Tag Archive: Calgary

Canada leads the way

This photo by Bernard Spragg. NZ has been dedicated to the public domain.

First Edmonton, now Calgary: Calgary to pilot a project that implements a “network of real-time noise monitors” to nab noise polluters.

According to Shawn Logan, Calgary Herald, the city has struggled to control noise, “[b]ut thanks to a technology called LoRaWAN — a long-range, low power digital wireless network which now reaches every corner of Calgary — city IT planners are hoping to harness its potential in a number of areas.”  The network will be armed with “a special type acoustic sensor that could precisely determine noise levels in the city.”

For now, the sensors will be used to gather data to allow the team leading the project to “build in the ability to categorize the types of sounds captured, building a catalog of sounds including traffic, construction, drag racing and even gunshots, while being able to accurately determine its time and location.”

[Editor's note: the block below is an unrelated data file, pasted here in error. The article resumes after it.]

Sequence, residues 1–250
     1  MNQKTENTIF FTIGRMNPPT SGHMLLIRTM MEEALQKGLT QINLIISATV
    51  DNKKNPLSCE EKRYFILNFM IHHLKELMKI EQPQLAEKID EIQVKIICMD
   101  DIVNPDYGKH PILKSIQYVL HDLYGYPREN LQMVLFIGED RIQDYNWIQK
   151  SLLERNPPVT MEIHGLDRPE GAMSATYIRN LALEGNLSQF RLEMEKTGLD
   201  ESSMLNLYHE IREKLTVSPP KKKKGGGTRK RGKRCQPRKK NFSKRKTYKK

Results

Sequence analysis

Depending on the quality of the data, and whether the technology will hold up in court, could the network be used to target noise polluters? One would hope, but it’s unclear whether the technology will be used to identify and fine them. We will follow Calgary’s and Edmonton’s efforts to deploy technology in the fight against noise pollution.

 

 

 

Calgary councillors take aim at motorcycle noise

 

Photo credit: Calgary Reviews licensed under CC BY 2.0

The Calgary Herald Editorial Board writes that “city politicians are once again turning their attention to the excessive sound of motorcycles and other vehicles with noisy mufflers and other needless modifications that are an irritant to all but the self-absorbed owners themselves.”  This year, the pols are looking at Edmonton, where there is a test underway that uses “a new photo-radar-style noise gun [that] is showing promise.”

If Edmonston’s test is successful, it’s possible that Calgary will adopt the technology and both cities could consider automating the device “to issue fines to too-loud users of public roads, including at nighttime, when the disturbance is particularly upsetting to residents trying to get a good night’s sleep.”

And the city of Calgary will heave a sigh of relief.